Emerald Group Publishing Limited
Copyright © 2011, Emerald Group Publishing Limited
Smart living and robotics: challenges and future directions
Article Type: Viewpoint From: Industrial Robot: An International Journal, Volume 38, Issue 6
Statistics show that for adults over 65, up to 82 per cent of waking time behavior occurs at home and about one-third of each day is devoted to basic daily living activities. In addition, an increasing number of older adults live alone. Older adults frequently report difficulty performing activities such as cooking and cleaning, and accidents involving older adults account for approximately 43 per cent of all home fatalities. According to the US Consumer Product Safety Commission’s National Electronic Injury Surveillance System (NEISS), the most common causes of accidental injury for older people are:
falls on stairways, floors, and bathtubs;
burns/scalds from cooking, hot water, and fires; and
poisoning from gases and vapors.
Even those under 65 often spend at least two-thirds of each day at home. A 2009 US Department of Labor survey shows that employed persons between the ages of 25 and 54 who live in households with children under 18 spend an average of 8.7 h per day on work-related activities, and 15.3 h at home. While at home, they spend 2.6 h doing leisure and sports activities and 3.5 h on home activities such a housework, food preparation and cleanup, and lawn and garden care.
Needed is technology for creating smart living environments that provide basic needs, comfort, safety, and leisure. Advances in personal computers, miniature wireless sensors, smart phones with built-GPS, and robotics have made this challenging task more manageable. Here we will briefly present possible future directions for development of robots and robotic devices.
Robots and robotic devices need to be able to adjust to individual human needs. Embedding them with the flexibility to accommodate to individual needs is a challenging direction. In addition to satisfying basic needs, comfort, safety, and leisure, other practical concerns may include reliability, cost, and ethics. Surveys on topics related to comfort, well-being, and safety may be used to obtain a better understanding of individual differences and needs.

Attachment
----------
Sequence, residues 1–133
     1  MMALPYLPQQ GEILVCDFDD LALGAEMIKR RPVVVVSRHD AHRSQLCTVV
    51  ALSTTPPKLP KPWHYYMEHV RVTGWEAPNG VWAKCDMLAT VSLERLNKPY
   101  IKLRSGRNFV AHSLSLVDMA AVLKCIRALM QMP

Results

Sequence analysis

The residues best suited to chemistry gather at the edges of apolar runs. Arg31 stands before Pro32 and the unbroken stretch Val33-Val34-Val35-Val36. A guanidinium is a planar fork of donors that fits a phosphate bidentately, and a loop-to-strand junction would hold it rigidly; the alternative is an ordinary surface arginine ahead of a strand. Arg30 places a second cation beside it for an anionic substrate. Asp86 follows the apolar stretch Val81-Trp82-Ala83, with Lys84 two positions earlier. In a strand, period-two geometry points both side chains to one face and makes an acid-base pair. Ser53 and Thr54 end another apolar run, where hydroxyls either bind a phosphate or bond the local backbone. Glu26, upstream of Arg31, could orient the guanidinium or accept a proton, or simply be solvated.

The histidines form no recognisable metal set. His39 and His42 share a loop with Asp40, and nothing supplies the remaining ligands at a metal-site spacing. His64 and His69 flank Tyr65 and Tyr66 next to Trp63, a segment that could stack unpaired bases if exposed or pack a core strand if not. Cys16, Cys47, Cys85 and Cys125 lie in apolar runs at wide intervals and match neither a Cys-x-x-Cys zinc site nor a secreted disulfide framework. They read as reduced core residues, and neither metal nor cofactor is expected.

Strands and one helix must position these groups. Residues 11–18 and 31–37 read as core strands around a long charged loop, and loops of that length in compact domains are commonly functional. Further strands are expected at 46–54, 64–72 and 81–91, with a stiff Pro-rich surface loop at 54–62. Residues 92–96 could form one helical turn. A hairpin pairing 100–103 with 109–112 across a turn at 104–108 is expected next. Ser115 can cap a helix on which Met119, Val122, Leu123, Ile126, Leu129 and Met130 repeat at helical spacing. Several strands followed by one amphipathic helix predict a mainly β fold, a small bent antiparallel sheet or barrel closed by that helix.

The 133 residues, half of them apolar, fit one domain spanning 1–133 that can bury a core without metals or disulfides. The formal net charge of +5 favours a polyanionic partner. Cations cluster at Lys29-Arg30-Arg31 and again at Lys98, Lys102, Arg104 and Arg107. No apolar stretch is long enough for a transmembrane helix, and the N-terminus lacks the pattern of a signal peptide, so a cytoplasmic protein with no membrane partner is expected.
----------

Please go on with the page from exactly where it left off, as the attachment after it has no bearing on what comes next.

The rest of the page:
Roles for robot companions
The development of robot companions such as Sony’s AIBO robot dog has spurred discussion about the value of these inventions. However, “cute” does not need to mean “useless.” Studies have shown that seniors get a boost from being with flesh-and-blood pups and prefer to be alone with a dog rather than with human companions. Robot pets may be useful when real pets are unavailable or their presence is inconvenient. A dancing robot may be a good companion for autistic children. Further exploration of roles for robotic companions in entertainment and education is needed.
Development of domestic helper robots
Domestic helper robots that would help around the home or even care for the elderly have sold poorly so far. Perhaps robotics makers should focus on what exactly robots can and can’t do well for humans. For example, Boston Dynamics’ BigDog – a legged robot being developed for DARPA and the US Army – maintains its balance on diverse terrain while carrying several hundreds of pounds of supplies on its back. Perhaps a legged robot can also find good applications in a large nursing home environment.
Improved interfaces between robots and humans
Individuals may have very specific and varied needs and preferences for communicating with robots, especially elderly people and disabled individuals. A team of researchers at Northeastern University in Boston is working on a brain-robot interface that allows users to command a robot by looking at specific regions on a computer. The system detects brain signals from the user’s visual cortex, and directs the robot to move left, right, and forward. Interfaces that are intuitive and flexible will be much more usable and accessible to people who might benefit from robot technology the most.
Sheng-Jen (“Tony”) HsiehDirector – Rockwell Automation Lab, Texas A&M University, College Station, TX, USA